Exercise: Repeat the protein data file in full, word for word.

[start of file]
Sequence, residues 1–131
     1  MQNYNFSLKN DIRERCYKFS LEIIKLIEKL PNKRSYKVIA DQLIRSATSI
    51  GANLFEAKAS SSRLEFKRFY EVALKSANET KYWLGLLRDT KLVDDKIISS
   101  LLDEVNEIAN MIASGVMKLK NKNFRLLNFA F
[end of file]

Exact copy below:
Sequence, residues 1–131
     1  MQNYNFSLKN DIRERCYKFS LEIIKLIEKL PNKRSYKVIA DQLIRSATSI
    51  GANLFEAKAS SSRLEFKRFY EVALKSANET KYWLGLLRDT KLVDDKIISS
   101  LLDEVNEIAN MIASGVMKLK NKNFRLLNFA F